Automated dose dispensing service for primary healthcare patients: a systematic review


An automated dose dispensing (ADD) service has been implemented in primary healthcare in some European countries. In this service, regularly used medicines are machine-packed into unit-dose bags for each time of administration.

The aim of this study is to review the evidence for ADD's influence on the appropriateness of medication use, medication safety, and costs in primary healthcare.

Methods: A literature search was performed in April 2012 in the most relevant databases (n = 10), including the Medline, Embase, and Cochrane Library. The reference lists of the studies selected were manually searched.

A study was included in the review if the study was conducted in primary healthcare or nursing home settings and medicines were dispensed in unit-dose bags.

Results: Out of 328 abstracts, seven studies met the inclusion and reporting quality criteria, but none applied a randomized controlled study design. Of the four controlled studies, one was a national register-based study.

It showed that the patient group in the ADD scheme more often used three or more psychotropic drugs and anticholinergics than patients using the standard dispensing procedure, while women in the ADD group used less long-acting benzodiazepines and both genders had fewer drug-drug interactions. In another, regional controlled study, the ADD group consisted of patients with higher risk of inappropriate drug use, according to all indicators applied.

The third controlled study indicated that ADD user drug treatments were more likely to remain unchanged than in patients using a standard dispensing procedure. A controlled study from Norway showed that ADD reduced discrepancies in the documentation of patient medication records.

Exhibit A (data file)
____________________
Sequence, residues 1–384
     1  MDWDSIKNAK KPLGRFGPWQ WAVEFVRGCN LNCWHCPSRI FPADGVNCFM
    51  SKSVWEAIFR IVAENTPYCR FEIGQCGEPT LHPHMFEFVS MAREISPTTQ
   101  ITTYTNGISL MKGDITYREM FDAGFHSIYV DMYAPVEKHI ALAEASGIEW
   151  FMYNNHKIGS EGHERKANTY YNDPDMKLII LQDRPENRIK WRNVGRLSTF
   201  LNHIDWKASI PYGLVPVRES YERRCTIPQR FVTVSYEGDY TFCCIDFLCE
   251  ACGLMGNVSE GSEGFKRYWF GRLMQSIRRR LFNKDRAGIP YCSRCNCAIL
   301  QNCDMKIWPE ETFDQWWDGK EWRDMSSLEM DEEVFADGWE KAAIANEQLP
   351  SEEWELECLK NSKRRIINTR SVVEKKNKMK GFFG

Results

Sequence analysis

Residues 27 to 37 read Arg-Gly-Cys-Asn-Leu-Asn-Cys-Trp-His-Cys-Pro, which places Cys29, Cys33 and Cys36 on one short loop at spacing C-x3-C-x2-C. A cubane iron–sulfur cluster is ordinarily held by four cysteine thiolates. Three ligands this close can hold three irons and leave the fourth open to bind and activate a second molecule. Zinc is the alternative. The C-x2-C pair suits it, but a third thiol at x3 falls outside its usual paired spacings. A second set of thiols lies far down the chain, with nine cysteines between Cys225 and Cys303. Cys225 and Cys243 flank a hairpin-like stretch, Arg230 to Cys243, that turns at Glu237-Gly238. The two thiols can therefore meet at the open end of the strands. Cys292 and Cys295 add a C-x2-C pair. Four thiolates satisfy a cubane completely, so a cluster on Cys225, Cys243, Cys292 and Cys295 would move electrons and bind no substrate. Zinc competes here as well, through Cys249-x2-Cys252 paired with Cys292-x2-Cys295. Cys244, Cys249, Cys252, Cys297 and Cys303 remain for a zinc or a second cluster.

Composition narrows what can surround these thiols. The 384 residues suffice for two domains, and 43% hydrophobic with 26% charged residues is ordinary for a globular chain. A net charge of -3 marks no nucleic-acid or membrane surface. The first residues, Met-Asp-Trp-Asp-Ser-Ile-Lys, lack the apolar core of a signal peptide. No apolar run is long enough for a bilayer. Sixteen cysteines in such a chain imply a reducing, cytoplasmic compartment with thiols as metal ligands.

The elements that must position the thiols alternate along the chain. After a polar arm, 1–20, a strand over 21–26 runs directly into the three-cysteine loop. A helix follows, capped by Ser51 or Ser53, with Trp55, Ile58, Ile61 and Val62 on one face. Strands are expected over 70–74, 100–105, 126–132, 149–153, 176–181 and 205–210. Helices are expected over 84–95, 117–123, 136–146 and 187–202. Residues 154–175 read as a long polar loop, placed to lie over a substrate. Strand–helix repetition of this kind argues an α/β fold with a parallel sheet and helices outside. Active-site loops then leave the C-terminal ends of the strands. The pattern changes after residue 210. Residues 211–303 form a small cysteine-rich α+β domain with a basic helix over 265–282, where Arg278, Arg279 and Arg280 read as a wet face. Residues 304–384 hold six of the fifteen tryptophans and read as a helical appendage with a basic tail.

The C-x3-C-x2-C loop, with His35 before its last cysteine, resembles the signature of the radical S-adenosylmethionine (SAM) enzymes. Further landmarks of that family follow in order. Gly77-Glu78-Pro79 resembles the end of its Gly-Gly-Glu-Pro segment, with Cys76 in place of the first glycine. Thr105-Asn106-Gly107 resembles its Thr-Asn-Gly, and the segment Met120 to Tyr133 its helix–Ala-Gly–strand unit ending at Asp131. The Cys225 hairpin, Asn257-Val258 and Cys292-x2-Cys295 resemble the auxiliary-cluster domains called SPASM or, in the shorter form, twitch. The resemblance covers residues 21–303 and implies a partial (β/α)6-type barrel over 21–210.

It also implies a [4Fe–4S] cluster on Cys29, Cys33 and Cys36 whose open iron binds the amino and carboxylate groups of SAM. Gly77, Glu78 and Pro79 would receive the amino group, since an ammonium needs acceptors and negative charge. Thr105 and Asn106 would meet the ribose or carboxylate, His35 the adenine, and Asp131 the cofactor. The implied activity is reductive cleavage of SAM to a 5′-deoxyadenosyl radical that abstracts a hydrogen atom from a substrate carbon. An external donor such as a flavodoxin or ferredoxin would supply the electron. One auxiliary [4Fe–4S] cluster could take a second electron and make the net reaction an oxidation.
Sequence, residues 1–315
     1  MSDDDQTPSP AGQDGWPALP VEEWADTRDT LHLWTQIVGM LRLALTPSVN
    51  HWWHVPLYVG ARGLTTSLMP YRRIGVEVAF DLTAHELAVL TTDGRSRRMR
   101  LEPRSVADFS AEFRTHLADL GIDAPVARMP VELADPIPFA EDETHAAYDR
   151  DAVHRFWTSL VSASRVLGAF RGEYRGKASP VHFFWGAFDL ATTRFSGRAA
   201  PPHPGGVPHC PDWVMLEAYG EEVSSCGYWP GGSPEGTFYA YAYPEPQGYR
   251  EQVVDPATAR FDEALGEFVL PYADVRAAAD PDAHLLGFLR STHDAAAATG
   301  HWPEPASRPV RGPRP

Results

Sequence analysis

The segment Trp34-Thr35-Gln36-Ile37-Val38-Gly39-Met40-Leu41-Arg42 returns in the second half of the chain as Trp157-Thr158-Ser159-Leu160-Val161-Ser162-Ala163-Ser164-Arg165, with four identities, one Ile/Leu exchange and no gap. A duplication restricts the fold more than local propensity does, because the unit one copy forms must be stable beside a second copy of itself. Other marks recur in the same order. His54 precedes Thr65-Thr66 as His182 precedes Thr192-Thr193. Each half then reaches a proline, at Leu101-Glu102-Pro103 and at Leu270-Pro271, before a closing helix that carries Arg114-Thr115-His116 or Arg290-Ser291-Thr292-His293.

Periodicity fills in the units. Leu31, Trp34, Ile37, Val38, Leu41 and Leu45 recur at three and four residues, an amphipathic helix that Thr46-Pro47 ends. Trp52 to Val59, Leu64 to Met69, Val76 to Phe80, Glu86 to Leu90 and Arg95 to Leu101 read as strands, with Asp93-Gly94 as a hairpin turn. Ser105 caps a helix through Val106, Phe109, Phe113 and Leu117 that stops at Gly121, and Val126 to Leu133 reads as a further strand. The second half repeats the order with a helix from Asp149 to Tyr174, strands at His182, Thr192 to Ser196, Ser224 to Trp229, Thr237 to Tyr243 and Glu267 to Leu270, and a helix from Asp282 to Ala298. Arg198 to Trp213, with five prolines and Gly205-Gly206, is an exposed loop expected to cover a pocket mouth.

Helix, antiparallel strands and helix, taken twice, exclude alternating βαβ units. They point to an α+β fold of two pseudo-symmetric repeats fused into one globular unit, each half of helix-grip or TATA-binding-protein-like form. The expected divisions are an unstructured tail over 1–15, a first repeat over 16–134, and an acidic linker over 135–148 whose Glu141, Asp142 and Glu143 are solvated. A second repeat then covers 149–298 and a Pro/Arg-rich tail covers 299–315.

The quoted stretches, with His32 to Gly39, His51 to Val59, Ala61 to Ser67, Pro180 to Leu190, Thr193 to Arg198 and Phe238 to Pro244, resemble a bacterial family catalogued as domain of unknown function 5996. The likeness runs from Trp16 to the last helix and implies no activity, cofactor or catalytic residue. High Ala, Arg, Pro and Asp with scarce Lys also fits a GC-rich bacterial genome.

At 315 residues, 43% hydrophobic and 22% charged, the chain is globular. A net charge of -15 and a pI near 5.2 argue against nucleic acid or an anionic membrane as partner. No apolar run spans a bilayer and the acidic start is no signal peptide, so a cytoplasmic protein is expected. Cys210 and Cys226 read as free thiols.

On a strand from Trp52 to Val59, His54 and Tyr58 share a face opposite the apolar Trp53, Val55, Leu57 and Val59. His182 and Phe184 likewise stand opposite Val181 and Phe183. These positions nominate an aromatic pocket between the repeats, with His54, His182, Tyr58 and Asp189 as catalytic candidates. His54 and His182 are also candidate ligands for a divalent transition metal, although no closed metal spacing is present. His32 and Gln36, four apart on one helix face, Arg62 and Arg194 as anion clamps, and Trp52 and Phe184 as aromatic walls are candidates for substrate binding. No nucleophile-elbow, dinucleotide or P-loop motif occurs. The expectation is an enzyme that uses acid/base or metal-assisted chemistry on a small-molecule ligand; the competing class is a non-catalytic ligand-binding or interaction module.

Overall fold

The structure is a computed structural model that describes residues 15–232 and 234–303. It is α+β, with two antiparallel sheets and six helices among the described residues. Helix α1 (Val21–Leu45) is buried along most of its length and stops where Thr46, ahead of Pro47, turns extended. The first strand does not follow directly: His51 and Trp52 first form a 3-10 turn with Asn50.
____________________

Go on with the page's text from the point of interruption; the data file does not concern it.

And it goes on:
Costs were not investigated in any of the studies.

Conclusions: A very limited number of controlled studies have explored ADD in primary healthcare. Consequently, the evidence for ADD's influence on appropriateness and safety of medication use is limited and lacking in information on costs.

The findings of this review suggest that patients using the ADD have more inappropriate drugs in their regimens, and that ADD may improve medication safety in terms of reducing the discrepancies in medication records. Further evidence is needed to draw sound conclusions on ADD's outcomes.

Author: Juha SinnemäkiSinikka SihvoJaana IsojärviMarja BlomMarja AiraksinenAntti Mäntylä
Credits/Source: Systematic Reviews 2013, 2:1



Published on: 2013-01-08



News Provider: 7thSpace Interactive

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